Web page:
Li Yuan, PE, LEED AP, Vice President
Director, Pharmaceutical Business Unit,
Century 3, and Keith McElkearney, Key
Account Manager, BioPharma, Lotus Works,
participated in the round table. Their
edited responses from the Q&A session are
Q. How would you describe the
pharmaceutical climate in your
Yuan [China]: The state of
pharmaceutical climate in China is moving
in a very positive direction due to the
many recent changes within the healthcare
system. In recent years, China’s central
government has been working hard to make
healthcare affordable for everyone.
The general idea is something similar
to Obamacare in the U.S. As a result,
the government is encouraging more
investment in R&D and we have
experienced an increase in job creation.
There is no question that the sheer size
of the Chinese market and the number of
potential patients who will soon be more
participatory in the healthcare system is a
big driver for pharmaceutical companies,
both international and local.
We are definitely seeing an increase in the
number of biotech companies and the sense
of urgency for international companies
to keep up with that local competition
is increasing. Over the past (few) years,
companies such as Pfizer and AstraZeneca
have done major projects here in China.
Our clients in pharma and biotech are very
interested in new ideas and technology.
Some of the cutting edge technology is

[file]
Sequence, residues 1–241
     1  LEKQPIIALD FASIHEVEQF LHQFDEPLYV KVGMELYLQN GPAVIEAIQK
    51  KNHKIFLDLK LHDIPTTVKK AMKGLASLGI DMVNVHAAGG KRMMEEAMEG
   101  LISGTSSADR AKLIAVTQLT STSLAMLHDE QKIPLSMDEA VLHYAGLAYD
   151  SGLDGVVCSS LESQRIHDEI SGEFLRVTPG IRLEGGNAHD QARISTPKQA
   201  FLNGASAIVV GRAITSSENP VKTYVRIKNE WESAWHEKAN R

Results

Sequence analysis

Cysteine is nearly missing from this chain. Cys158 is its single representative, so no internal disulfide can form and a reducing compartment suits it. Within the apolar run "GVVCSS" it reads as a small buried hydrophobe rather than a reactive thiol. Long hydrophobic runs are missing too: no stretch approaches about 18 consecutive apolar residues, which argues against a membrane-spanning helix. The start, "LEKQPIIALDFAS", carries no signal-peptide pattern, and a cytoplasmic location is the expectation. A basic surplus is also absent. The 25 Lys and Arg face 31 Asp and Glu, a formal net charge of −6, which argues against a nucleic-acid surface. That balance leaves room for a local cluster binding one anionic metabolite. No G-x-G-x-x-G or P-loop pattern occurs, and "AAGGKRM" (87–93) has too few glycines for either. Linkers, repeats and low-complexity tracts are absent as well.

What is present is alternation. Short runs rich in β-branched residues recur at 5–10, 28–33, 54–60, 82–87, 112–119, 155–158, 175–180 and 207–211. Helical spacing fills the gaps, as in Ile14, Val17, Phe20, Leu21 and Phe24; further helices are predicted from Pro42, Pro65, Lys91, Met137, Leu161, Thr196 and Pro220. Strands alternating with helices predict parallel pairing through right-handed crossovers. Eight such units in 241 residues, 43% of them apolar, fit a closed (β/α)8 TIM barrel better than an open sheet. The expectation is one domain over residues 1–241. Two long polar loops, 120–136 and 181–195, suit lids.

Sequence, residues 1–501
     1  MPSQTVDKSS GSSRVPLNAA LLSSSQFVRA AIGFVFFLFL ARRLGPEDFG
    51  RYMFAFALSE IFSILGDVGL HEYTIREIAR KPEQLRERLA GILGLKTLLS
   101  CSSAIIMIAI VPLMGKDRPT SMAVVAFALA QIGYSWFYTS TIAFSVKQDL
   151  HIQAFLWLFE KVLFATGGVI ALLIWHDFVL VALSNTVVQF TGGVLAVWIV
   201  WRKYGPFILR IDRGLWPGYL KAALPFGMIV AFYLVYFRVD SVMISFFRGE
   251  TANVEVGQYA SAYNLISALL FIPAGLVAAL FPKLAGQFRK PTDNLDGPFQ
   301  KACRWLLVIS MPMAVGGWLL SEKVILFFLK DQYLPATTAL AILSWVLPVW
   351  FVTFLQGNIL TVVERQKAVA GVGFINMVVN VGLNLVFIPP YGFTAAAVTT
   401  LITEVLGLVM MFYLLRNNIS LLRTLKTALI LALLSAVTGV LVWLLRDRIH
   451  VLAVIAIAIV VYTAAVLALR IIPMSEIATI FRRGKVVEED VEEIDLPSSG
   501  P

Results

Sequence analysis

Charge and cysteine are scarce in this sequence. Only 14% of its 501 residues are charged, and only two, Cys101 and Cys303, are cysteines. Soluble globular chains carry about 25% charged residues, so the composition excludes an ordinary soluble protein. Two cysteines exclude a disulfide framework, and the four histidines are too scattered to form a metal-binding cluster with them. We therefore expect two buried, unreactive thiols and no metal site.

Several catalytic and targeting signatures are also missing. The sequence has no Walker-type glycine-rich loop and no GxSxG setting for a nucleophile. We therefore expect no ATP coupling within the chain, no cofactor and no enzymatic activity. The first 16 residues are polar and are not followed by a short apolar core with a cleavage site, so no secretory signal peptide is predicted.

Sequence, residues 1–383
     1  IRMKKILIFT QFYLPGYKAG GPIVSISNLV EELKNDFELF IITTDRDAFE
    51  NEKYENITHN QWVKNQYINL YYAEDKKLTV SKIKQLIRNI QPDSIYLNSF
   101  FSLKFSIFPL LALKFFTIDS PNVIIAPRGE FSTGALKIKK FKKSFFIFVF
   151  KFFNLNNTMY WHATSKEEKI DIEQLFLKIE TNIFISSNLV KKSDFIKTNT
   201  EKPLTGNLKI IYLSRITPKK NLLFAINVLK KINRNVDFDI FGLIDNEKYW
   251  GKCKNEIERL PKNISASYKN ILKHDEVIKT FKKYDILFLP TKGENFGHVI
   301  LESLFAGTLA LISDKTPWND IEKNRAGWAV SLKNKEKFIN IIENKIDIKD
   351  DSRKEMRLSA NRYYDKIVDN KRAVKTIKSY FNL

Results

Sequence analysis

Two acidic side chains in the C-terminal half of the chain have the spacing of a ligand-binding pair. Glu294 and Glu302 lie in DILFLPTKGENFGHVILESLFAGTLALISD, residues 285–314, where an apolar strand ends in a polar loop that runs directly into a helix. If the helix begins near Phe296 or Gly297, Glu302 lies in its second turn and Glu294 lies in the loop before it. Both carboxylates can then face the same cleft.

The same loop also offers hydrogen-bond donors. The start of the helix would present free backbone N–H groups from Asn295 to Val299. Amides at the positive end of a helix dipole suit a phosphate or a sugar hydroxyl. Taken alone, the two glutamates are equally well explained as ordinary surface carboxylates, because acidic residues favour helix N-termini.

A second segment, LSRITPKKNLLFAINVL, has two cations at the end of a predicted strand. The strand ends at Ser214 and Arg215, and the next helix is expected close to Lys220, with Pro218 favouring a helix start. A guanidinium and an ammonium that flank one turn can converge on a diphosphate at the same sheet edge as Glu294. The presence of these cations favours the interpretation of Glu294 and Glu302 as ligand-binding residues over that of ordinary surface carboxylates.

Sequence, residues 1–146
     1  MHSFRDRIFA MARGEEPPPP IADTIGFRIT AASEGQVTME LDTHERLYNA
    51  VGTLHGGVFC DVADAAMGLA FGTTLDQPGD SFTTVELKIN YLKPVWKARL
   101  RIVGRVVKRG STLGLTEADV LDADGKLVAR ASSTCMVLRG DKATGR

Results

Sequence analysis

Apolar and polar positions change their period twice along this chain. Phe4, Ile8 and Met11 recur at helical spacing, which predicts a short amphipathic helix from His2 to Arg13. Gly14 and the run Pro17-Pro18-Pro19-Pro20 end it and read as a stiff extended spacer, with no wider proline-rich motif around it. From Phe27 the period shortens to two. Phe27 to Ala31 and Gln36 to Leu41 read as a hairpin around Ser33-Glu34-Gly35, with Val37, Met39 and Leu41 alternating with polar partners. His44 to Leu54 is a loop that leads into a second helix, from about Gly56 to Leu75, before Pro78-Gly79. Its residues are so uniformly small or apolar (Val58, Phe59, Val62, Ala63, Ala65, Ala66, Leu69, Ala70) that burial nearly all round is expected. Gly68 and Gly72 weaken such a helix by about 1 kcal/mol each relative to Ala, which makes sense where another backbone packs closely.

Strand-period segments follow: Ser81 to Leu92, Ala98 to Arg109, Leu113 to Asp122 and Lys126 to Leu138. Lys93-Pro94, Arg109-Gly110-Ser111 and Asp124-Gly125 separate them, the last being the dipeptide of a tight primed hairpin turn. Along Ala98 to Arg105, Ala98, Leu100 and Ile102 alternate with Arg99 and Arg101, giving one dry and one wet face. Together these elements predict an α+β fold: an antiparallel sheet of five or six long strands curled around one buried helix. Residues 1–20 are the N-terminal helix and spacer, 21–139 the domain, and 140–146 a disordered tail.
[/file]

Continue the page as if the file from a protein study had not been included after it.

very expensive; however, clients are still
interested in how it works and seeing if it is
worth an investment down the road.
McElkearney [Ireland]: Challenging.
Most of the competition in this sector
are from a client’s sister sites. The most
efficient, competent sites are seeing the
work migrate to their site as part of a global
corporate decision. Therefore, each site
wants innovation, pace, reliability so they
can compete with each other.
Q. How much of your country’s
pharmaceutical climate is impacted
by global operations?
Yuan [China]: China is being positively
affected from Western influences and
global operations. Over the past few years
we have seen an increase in the amount
of international pharmaceutical companies
who choose to do business in China.
And on the technology front, the
government has been highly encouraging
of biotech start-ups; Chinese residents
may go oversees for education and then
come back to China and start their own
business in biotech areas, which the Chinese
government encourages and supports.
McElkearney [Ireland]: We are
seeing large investment in Ireland on the
production sites due to the capability and
capacity for growth on existing sites. The
products are sold on a global market,
so issues like the number of countries
distributing the product as well as
established products reaching the end of the
patent can have an impact on the client and
therefore on to us.
Q. What are some of the upcoming
innovations that are changing
the way that the pharmaceutical/
Yuan [China]: Many of the innovations
in the pharma and biopharma industry are
becoming very globalized. For example, all
major companies are providing single-use